So, which technology is better? The question cannot be answered easily, as the technologies have different contrasts and ultimately TV habits and preferences are important. OLED screens excel especially in the dark tones and are, therefore, excellently suited for darkened rooms. OLED screens can display blacks in a higher contrast than LEDs. So, if you like to turn off the lights to enjoy a movie, OLED screens may be the better option. However, among different OLED models there are some differences in quality and brightness. Panasonic's Master HDR OLED Professional Edition Displays are custom-made to achieve higher peak and average brightness than comparable OLED TVs. Thus, both absolutely dark and very bright nuances can be reproduced in detail.
The new JZ2000, for example, includes the latest technology as well as Dolby Vision IQ and Filmmaker Mode with intelligent ambient sensor, which automatically adjusts the image to the spatial lighting conditions, so that an optimal image is created in both completely dark and brightly lit rooms.
While OLED scores higher when it comes to dark shades, LED screens can achieve higher brightness through backlighting. This is advantageous if you want to watch TV at lunchtime when the window is open. TVs like the Panasonic JX940 also support Local Dimming Pro Intelligent – an intelligent technology that locates dark and light nuances of a scene, creating darker blacks and better contrast than traditional LED displays.
Ultimately, both 4K LED and 4K OLED screens with HDR quality reflect excellent image resolution and precision over even the smallest intricacies. Beyond this, the best TV for you really depends on your personal taste.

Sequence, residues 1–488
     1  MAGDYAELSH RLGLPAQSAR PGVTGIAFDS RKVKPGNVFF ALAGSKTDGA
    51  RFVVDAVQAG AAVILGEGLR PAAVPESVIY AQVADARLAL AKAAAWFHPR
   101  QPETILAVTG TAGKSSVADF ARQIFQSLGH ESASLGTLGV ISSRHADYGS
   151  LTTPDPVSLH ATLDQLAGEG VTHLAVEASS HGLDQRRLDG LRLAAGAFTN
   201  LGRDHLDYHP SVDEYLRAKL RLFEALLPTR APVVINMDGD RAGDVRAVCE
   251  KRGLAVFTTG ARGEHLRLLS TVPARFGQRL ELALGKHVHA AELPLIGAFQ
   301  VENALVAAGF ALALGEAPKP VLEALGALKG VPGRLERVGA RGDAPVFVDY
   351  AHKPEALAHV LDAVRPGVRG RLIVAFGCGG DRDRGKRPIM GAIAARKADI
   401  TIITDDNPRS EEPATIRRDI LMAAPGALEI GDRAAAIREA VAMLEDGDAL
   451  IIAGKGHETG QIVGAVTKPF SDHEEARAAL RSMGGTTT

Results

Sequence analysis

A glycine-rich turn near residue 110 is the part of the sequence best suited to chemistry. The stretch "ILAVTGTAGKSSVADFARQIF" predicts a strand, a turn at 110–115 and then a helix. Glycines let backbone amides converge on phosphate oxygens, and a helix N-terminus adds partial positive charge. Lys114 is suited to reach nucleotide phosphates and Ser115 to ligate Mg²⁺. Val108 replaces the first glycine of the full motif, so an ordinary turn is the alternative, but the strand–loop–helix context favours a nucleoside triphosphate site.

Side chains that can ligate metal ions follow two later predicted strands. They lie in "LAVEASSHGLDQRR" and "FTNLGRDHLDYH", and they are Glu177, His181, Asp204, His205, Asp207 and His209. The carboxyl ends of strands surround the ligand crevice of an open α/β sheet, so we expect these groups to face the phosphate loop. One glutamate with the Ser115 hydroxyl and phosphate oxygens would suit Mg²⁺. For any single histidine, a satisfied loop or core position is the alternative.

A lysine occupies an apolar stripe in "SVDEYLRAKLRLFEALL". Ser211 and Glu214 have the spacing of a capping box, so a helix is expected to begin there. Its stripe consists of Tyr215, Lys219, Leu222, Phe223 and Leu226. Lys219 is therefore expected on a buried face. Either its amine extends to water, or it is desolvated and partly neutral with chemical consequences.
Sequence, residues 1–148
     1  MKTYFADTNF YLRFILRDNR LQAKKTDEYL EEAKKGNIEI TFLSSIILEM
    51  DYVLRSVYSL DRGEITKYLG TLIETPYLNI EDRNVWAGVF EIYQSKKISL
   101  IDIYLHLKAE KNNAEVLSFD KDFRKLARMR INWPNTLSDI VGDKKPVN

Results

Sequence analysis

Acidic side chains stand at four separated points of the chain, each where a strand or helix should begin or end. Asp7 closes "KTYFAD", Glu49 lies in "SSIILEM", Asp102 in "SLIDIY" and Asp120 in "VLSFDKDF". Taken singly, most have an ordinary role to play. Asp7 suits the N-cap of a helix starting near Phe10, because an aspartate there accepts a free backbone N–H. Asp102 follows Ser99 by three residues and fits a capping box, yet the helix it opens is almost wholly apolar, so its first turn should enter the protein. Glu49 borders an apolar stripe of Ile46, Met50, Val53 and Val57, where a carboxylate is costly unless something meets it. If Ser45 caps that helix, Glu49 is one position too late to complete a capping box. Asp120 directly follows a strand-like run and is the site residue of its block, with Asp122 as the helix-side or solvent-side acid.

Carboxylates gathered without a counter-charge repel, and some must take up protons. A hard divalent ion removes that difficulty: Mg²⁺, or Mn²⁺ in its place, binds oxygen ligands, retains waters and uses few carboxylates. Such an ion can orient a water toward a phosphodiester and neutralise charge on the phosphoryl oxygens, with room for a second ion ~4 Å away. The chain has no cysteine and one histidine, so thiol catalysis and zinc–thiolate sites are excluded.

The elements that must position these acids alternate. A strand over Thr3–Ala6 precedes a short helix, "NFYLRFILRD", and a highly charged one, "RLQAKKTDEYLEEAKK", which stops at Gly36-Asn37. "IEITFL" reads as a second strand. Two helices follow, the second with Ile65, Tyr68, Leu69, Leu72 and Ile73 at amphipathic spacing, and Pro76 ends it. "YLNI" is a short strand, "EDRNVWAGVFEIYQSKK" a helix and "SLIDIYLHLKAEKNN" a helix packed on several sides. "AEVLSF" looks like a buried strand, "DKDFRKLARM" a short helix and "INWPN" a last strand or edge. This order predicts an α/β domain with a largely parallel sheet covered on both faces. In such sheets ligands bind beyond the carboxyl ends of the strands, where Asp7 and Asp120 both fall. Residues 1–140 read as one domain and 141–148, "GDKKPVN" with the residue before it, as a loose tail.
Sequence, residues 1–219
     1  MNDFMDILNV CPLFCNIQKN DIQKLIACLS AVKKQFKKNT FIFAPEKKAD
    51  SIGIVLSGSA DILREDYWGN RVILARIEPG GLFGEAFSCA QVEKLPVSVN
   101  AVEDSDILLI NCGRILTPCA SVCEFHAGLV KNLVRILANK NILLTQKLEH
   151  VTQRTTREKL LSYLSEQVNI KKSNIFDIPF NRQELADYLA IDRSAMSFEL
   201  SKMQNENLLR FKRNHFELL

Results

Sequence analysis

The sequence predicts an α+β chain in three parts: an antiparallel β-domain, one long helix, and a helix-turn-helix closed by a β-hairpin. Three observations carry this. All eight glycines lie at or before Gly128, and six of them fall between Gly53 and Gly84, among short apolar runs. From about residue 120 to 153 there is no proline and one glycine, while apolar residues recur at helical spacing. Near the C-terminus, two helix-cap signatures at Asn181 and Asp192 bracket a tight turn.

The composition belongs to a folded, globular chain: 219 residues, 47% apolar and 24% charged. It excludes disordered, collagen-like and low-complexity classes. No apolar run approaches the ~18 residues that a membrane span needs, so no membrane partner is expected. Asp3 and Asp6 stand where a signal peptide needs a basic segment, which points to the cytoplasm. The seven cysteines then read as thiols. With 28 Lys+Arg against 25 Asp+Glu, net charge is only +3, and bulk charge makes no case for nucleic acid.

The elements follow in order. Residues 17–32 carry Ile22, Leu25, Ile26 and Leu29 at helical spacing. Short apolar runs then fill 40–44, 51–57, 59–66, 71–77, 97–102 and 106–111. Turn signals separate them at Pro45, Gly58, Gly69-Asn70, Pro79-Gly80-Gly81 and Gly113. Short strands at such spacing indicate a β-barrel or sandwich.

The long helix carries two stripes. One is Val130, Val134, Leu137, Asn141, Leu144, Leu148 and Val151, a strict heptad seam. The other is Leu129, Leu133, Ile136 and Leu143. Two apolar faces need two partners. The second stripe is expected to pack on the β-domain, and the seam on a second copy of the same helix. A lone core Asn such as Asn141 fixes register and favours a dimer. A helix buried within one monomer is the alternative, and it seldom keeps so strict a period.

4K versus 8K image resolution
Anyone who regularly watches technology news or reads through reports from the latest technology fairs will probably have heard of the new 8K standard that was recently released. Even today, it is already possible to buy an 8K monitor. The question arises as to whether it really makes sense to buy a 4K TV today or to choose an 8K model – but the answer is relatively simple: At the moment, 4K is gaining the most forward-looking screen resolution. If you buy a 4K TV now, you will be on the safe side for the next few years. The issue with buying an 8K TV is that there aren’t currently any series and movies that support 8K. Therefore, 8K TVs can only play 4K formats because nothing else is offered at the moment. PC players can only play games in 8K at a low frame rate, even with powerful graphics cards, as the computing power for games in 8K is enormous. Stunning images in 4K are available, for example, with the Panasonic TX-65JZ1000B.
4K and HDR
4K TVs are not all built the same and – of course, not all 4K TVs provide the same image quality. To enjoy the best image quality, a 4K TV should be able to play HDR. High Dynamic Range can display contrasts much better, making dark colours darker and brighter colours appear even brighter, essentially producing more colourful and vivid images. While normal Standard Dynamic Range (SDR) TVs only have a colour palette of 16 million colours, the HDR10 standard has more than a billion shades. This can be surpassed again with HDR10+. HDR10+ provides even more contrast shades and, unlike HDR10, can dynamically adjust the shades image by image. For film lovers, the TX-65JX940 or 65JX850 are just the thing: With a resolution of 4K UHD and HDR10+ Adaptive, these TVs will make the hearts of film lovers beat just that little bit faster.